Neptune cloud cover over three decades
This sequence of NASA/ESA Hubble Space Telescope images chronicles the waxing and waning of the amount of cloud cover on Neptune. This nearly-30-year-long set of observations shows that the number of clouds grows increasingly following a peak in the solar cycle – where the Sun’s level of activity rhythmically rises and falls over an 11-year period.
The Sun’s level of ultraviolet radiation is plotted in the vertical axis. The 11-year cycle is plotted along the bottom from 1994 to 2022. The Hubble observations along the top, clearly show a correlation between cloud abundance and solar peak of activity.
The theory is that the increased ultraviolet radiation from the Sun, during its peak of activity, causes chemical changes deep in Neptune’s atmosphere. After a couple years this eventually percolates into the upper atmosphere to form clouds.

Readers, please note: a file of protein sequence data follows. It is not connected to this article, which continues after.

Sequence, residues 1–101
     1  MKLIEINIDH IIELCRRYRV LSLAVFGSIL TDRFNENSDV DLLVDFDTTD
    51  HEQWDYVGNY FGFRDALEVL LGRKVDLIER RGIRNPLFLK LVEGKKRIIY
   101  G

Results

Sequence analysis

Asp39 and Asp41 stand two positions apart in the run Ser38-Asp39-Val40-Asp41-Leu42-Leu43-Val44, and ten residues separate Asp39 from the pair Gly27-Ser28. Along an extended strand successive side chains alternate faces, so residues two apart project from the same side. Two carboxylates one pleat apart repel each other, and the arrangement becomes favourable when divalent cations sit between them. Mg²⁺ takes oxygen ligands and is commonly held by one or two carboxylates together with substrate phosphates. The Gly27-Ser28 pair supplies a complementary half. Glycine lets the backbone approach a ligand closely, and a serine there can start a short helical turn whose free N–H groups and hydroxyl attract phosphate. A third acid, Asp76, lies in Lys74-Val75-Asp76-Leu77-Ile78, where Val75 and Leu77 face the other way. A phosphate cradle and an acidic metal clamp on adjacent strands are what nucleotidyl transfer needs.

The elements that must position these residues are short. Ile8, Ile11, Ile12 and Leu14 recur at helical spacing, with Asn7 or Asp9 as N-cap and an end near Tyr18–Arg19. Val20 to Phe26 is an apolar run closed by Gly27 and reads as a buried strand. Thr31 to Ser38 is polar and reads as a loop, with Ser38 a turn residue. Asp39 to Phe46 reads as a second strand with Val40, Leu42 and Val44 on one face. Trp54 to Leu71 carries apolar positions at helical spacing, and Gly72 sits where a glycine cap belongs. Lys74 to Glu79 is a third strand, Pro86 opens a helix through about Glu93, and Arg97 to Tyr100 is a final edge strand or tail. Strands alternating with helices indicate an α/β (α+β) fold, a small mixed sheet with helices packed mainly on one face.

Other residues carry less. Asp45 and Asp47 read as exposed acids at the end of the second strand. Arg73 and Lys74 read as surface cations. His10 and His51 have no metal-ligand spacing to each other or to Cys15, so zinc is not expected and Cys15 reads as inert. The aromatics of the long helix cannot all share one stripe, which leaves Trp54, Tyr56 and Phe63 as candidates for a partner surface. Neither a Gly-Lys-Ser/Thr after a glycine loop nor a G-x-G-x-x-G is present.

The findings are published in the journal Icarus.
[Image description: This graphic shows a scientific plot in the form of a graph displaying changes in Neptune’s cloud cover compared to the 11-year-long repeating solar cycle of relative activity and inactivity on the Sun’s surface. The vertical axis plots the level of ultraviolet radiation coming from the Sun. The horizontal axis is a timeline from the years 1994 to 2022. Seven Hubble photos of Neptune taken in the years 1994, 1998, 2002, 2006, 2010, 2015, and 2020 are plotted above the graph. The planet is blue (due to methane absorption of red light in its atmosphere) and the high-altitude, cirrus-like clouds are white. A comparison of Neptune’s waxing and waning amount of cloud cover corresponds to peaks in the solar cycle. This graph clearly demonstrates the level of solar activity influences Neptune’s weather.]Credit:
NASA, ESA, E. Chavez (UC Berkeley), I. de Pater (UC Berkeley), LASP Interactive Solar IRadiance Datacenter
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|Release date:||17 August 2023, 16:00|
|Size:||3840 x 2160 px|
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